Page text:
This topical plenary provides experiences of researchers, practitioners, and beneficiaries of critical mentorship in engineering education. The conversational-style session will expose attendees to the positive and negative experiences of minoritized individuals in engineering. Engineering is rife with examples of interventions that fail students from minoritized backgrounds. For decades, organizations and institutions have sought to diversify engineering talent at all levels by introducing programs that offer “mentorship,” but fail to design, assess, and/or evaluate the impacts of those programs.
The session will look at critical mentorship as a way to address inequities in a way that is effective and rooted in anti-deficit notions for members of historically marginalized groups — a “nothing about us without us” approach that centers the voice of mentees. It offers a counternarrative to ideologies of knowledge and power, so students can take ownership of their personal and professional development.
This session seeks to ask and answer questions about what mentorship should be in engineering education, especially higher education. It will highlight scholarship in mentorship that is culturally relevant and intersectional, and involves a community-based participatory approach. It will offer effective mentorship strategies for developing a diverse engineering workforce, so access, equity, and inclusion in engineering can increase.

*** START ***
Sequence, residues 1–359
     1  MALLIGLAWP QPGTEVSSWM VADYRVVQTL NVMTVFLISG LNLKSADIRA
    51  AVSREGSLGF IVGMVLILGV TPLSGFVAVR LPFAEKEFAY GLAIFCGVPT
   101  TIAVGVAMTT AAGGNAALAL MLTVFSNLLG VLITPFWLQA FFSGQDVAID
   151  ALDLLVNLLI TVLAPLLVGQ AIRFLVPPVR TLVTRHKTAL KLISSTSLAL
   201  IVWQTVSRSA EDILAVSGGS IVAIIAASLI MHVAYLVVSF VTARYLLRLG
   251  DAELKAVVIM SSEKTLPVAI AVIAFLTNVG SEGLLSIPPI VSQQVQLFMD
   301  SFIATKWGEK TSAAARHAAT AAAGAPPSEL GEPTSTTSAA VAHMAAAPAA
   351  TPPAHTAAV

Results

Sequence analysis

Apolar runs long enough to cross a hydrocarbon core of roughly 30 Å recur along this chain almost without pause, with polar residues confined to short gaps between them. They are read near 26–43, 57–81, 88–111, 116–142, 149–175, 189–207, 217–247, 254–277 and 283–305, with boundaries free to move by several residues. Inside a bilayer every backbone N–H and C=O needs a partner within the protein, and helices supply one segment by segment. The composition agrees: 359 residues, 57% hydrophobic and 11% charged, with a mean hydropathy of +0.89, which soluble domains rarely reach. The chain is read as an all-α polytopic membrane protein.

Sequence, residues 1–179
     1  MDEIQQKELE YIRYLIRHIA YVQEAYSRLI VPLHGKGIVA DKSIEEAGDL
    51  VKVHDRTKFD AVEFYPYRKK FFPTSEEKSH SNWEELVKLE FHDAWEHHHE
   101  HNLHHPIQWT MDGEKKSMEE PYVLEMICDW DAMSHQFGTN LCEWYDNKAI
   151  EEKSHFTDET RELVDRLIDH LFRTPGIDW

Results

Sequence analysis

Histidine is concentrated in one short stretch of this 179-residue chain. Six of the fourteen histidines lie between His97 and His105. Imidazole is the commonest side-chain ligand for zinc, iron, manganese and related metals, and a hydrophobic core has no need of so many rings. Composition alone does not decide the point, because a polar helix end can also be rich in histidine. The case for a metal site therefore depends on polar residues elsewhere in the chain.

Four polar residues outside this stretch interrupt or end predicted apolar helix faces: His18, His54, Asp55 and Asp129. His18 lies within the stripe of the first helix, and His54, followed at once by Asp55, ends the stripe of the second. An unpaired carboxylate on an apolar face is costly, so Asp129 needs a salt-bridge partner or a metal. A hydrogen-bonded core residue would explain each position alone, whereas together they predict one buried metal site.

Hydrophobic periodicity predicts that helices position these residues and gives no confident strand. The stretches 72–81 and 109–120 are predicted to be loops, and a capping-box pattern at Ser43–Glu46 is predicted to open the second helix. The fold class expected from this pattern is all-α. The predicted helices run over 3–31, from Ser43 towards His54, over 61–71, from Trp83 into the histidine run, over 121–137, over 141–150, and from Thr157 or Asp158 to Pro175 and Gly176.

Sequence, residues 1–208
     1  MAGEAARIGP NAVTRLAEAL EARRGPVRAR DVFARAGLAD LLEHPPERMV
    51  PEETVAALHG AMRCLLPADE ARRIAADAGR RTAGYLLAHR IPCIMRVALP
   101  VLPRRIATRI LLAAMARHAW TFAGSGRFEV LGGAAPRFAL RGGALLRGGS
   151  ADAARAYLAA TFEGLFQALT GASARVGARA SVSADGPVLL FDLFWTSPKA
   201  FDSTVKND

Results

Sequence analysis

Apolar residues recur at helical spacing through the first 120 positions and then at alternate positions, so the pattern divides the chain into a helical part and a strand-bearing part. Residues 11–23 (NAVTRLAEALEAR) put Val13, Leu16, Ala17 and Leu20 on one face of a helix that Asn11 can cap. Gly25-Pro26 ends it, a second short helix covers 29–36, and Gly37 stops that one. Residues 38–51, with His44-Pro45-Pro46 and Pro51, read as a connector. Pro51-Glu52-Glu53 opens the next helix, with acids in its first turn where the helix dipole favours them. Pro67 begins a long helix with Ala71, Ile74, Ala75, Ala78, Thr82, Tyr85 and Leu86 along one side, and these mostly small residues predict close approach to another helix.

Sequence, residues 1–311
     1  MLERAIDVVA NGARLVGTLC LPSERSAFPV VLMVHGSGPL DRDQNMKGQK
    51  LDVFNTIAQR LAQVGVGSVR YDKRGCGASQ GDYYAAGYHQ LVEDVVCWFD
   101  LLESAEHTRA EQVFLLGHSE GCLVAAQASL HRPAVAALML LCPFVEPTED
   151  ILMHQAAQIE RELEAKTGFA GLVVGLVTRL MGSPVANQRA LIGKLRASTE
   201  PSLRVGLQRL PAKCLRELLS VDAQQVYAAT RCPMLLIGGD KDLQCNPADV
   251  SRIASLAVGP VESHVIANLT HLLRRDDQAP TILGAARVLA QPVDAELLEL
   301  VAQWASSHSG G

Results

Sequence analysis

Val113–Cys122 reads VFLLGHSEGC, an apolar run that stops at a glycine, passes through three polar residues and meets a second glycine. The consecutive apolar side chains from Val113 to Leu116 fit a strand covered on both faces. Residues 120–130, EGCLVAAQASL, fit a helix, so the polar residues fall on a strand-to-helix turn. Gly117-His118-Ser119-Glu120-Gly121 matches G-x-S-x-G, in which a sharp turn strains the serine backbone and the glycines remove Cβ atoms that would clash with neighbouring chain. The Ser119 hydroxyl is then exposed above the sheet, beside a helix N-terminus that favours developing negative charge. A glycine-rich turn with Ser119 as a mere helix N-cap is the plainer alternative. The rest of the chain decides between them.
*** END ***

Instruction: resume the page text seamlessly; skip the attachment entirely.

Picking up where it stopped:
Dr. Jeremy A. Magruder Waisome earned her bachelor's and master’s of science degrees and Ph.D. in civil engineering from UF. During her studies, she became passionate about issues of equity, access, and inclusion in engineering and computing and worked to develop programs and activities that supported diverse students in these disciplines.
Today, Dr. Waisome is an Assistant Professor in the Department of Engineering Education where she conducts research on broadening participation in science, technology, engineering, mathematics, and computing (STEM+C). She is particularly interested in understanding how formalized mentoring programs impact student trajectories and self-efficacy. In her teaching, she utilizes the learner-centered approach to instruction.
In 2018, she was appointed to serve as Special Assistant to the UF Dean of the Graduate School in the Division of Graduate Student Affairs under Dean Henry T. Frierson. During her time in this role, she managed the UF Chapter of the Edward A. Bouchet Graduate Honor Society, of which she is a founding member/inductee (2017). She is the recipient of several prestigious awards for her scholarship, leadership, and service, including the National Society of Black Engineer’s Mike Shinn Distinguished Member of the Year Award, and is an inducted member of the UF Hall of Fame (2010).
She is passionate about science-communication (sci-comm) and participates in several activities to bridge the gap between the general public and the STEM+C disciplines. She has been featured as a moderator and host of sci-comm events for organizations like the National Academies of Science, Engineering, and Medicine, and the National Center for Women & Information Technology (NCWIT). Along with her colleague, Dr. Kyla McMullen, Dr. Waisome is co-creator and host of the conversational style podcast, Modern Figures Podcast. Through the generous support of iAAMCS, CRA-WP, and NCWIT, Modern Figures Podcast exists to elevate the voices of Black women in computing, to inspire the next generation of the advanced technology workforce.